He was born and raised in Barranquilla and studied mechanical engineering at Universidad del Norte. After working in the mining industry at Cerrejon Coal Mine, he did a master’s in mechanical engineering at École Nationale Supérieure de Mécanique et des Microtechniques in France. His career has focused on project management for renewable energy and infrastructure projects. At MIT he is now part of the Sloan Fellows MBA program, with an emphasis on Entrepreneurship and Innovation. After his MBA, he would like to work in Business Development for a tech start-up that is considering expanding its operations in Latin America.
2. Lucas Ramírez
Originally from Pereira, he has a bachelor’s in international business from Universidad EAFIT in Medellin, an MBA in finance from New York University (NYU) and is currently affiliated with the Sloan Fellows program at MIT. He has more than 15 years of experience in the financial sector, in both capital markets and corporate finance. During his career he has participated in capital market and M&A (mergers and acquisition) transactions above 5 billion US dollars. At MIT he is complementing his finance background and experience with topics in strategy, operations, entrepreneurship and innovation. He is also interested in the intersection between finance and tech.
3. María Alejandra Castellanos
She was born in Cali and studied chemistry at ICESI. Currently she is a first-year PhD student in the Chemistry Dept. at MIT. She works in theoretical chemistry, aiming to use computational tools to study the properties, dynamics and basic principles of different chemical systems. Her work at MIT is a collaboration with other research groups in the chemistry and biological engineering depts., and they plan to design controlled DNA and chromophore structures using a technique called “DNA Origami”, structures that will be used in quantum computing applications. Before joining the PhD program she carried out research at Universidad ICESI and the University of Rochester.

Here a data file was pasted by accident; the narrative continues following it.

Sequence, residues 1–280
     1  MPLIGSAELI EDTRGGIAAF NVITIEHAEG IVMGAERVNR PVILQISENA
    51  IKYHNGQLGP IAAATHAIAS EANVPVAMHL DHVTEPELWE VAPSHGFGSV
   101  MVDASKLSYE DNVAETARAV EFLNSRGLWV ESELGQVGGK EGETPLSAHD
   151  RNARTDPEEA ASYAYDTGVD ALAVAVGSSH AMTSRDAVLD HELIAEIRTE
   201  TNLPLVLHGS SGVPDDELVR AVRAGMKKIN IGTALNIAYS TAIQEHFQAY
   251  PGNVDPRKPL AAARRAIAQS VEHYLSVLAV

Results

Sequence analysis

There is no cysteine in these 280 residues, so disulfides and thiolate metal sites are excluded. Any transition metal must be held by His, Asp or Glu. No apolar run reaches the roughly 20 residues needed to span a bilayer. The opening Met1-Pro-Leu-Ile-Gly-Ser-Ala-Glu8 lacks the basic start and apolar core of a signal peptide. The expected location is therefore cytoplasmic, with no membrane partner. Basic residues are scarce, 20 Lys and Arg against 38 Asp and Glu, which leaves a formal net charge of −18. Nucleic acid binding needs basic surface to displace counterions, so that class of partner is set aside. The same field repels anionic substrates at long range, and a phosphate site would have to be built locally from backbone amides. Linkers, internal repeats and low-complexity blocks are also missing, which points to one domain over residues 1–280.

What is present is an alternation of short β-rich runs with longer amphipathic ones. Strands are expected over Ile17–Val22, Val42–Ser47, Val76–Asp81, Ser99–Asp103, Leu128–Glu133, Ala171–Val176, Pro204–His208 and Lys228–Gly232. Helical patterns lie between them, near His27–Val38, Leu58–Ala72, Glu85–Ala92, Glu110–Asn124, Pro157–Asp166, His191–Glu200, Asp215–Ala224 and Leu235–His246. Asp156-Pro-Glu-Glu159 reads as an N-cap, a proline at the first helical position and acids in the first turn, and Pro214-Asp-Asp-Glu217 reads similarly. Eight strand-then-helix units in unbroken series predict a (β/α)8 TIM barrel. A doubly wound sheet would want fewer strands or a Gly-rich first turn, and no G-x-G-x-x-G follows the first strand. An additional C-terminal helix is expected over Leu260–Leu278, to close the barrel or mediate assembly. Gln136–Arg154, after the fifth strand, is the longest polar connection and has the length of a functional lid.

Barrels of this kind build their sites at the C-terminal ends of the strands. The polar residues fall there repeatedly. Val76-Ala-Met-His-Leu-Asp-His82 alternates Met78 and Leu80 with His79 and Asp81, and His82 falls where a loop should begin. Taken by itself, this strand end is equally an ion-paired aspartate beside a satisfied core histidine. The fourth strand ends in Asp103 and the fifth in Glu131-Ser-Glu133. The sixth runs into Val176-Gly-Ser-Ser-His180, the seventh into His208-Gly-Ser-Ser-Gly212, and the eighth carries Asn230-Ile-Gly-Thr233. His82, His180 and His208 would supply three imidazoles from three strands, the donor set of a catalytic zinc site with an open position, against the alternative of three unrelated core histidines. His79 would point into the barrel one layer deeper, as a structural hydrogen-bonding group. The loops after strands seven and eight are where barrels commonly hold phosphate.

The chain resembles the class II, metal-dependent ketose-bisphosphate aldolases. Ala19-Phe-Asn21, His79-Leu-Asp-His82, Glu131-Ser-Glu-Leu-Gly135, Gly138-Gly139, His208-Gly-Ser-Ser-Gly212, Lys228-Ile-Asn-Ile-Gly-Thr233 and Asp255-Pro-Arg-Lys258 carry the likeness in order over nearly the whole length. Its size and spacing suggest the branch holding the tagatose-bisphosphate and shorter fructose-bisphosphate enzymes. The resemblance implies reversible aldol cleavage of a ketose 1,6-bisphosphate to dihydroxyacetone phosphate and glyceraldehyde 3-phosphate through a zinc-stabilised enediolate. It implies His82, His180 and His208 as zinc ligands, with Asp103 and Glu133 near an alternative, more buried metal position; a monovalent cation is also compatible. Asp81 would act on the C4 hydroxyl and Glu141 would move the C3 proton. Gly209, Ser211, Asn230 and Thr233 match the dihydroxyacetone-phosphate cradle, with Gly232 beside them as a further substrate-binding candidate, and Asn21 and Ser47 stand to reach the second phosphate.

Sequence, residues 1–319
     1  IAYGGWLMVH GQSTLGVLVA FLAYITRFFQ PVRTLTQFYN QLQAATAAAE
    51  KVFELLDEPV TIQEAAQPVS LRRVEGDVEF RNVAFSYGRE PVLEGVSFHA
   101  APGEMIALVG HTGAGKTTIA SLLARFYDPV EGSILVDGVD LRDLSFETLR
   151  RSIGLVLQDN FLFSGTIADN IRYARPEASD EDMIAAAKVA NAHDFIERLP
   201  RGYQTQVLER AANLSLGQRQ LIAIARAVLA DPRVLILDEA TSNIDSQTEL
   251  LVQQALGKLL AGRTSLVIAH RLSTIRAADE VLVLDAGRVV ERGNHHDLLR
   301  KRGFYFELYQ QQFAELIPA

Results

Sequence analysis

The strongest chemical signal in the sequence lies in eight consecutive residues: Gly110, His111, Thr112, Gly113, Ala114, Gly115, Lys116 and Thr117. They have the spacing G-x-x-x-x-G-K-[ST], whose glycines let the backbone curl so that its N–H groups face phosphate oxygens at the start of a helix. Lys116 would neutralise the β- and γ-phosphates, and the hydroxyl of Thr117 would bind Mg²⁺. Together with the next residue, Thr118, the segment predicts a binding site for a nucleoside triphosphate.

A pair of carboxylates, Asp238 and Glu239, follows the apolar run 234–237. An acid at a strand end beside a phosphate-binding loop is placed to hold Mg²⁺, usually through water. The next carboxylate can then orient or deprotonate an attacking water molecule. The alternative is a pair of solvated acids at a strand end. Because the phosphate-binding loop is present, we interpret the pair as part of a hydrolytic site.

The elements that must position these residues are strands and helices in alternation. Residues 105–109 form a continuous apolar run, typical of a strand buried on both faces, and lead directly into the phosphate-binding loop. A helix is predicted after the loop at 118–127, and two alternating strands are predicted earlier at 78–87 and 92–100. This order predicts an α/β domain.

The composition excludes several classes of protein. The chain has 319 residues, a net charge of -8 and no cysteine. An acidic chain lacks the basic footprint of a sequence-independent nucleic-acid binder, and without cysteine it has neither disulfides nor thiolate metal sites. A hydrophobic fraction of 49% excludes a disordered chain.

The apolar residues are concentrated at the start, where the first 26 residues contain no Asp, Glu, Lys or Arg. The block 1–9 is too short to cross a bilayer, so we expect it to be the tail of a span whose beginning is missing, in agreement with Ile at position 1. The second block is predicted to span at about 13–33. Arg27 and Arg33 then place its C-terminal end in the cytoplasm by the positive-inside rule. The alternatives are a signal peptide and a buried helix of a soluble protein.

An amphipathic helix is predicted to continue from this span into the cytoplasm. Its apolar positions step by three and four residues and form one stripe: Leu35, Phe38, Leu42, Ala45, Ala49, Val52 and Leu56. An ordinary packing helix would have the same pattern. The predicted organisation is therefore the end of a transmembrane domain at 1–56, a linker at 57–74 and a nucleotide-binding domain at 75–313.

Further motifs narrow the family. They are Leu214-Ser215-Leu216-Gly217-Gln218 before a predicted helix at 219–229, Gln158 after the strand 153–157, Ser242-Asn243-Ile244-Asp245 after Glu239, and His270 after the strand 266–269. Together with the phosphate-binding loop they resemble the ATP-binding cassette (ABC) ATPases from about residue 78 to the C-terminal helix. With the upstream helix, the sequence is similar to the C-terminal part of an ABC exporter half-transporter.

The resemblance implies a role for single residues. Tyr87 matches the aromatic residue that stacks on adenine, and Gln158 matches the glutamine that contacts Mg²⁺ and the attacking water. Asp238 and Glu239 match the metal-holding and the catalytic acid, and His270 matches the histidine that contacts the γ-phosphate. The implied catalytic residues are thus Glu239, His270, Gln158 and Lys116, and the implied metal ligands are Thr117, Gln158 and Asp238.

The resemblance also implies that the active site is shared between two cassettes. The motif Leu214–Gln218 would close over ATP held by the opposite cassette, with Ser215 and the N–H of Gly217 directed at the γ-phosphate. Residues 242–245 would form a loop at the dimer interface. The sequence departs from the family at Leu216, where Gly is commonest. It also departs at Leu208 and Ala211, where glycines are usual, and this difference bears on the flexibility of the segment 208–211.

4. Guillermo Marroquín
Economist and business administrator from Universidad de los Andes, and master in banking and corporate Finance from ESC Toulouse. He is currently a second-year MBA student at MIT. Here, he focuses on new financial technologies for Latin America, leads the entrepreneurial arm for MIT’s FinTech club, and is co-president of the LatAm club. Before starting his MBA at MIT, he worked for 6 years in the financial sector, and recently left his job at UBS Bank in New York to study entrepreneurship, tech and inclusion in finance.
5. Sebastián Bello
He studied chemical engineering at Universidad Nacional and received a master’s in operations engineering at Universidad Javeriana, and a second one in financial administration at Universidad de los Andes. He has 12 years of experience in supply chain management in different industries. He completed an online micro-master’s at MIT, which paved the way for his admission to the Supply Chain Management Master’s Program at MIT, in which he is currently enrolled. He is also working with two US companies on projects to improve the efficiency of their supply chains. His goal is to further his knowledge base, and contribute his expertise so companies operate with higher efficiency.
6. Marcela Ángel